Here’s the thing to ask about criminal justice reform: What are the long-term consequences of letting out thousands of felons in the middle of a stagnant economy and rising crime wave? Advocates prefer to ignore that question.

Instead, they like to imagine the best case scenario will certainly happen. Crime will magically continue to drop, all the convicts will become successful computer programmers overnight and Republicans will win more minority votes all thanks to bipartisan criminal justice reform.

But how are these (hopefully) reformed criminals going to find jobs in an economy where low-skilled workers, particularly minority workers, face historically-bad employment opportunities? How are they going to find work when many of our political leaders want to send the thousands of blue collar jobs overseas and continue to import illegal labor to replace citizen labor?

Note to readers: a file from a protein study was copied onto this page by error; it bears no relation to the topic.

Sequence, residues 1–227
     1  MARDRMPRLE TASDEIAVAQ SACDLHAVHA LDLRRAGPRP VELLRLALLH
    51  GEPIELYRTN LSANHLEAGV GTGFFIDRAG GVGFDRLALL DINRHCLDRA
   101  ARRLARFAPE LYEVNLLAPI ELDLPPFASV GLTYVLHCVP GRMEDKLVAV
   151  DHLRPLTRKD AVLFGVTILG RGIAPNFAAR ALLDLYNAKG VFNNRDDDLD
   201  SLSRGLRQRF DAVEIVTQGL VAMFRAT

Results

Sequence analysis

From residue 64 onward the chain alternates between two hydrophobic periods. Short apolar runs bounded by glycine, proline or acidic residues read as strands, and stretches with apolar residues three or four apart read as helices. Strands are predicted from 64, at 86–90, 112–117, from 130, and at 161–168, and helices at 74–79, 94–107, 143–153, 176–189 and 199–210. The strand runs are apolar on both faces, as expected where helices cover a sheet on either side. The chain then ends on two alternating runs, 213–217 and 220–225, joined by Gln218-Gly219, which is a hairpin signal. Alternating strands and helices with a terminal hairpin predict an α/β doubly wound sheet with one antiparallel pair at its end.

That is not saying that we should keep people locked up simply because there are no jobs for them. But if there are no jobs for these offenders, then they are far more likely to go back to a life of crime. This fact has to be kept in mind when discussing the wonders of letting out inmates with few job skills back into the general population.

The next problem is the nationwide trend of reduced police presence in urban areas. As already mentioned, several cities, like Baltimore and Washington, are seeing a serious uptick in crime after implementing measures that softened the police force. The Black Lives Matter movement hasn’t been sated and is demanding even more supposed reforms to curtail alleged police injustices.

It would be one thing if we were discussing criminal justice reform in an economy that offered numerous opportunities for low-skilled workers and we were dedicated to effective policing. But those two factors aren’t apparent here.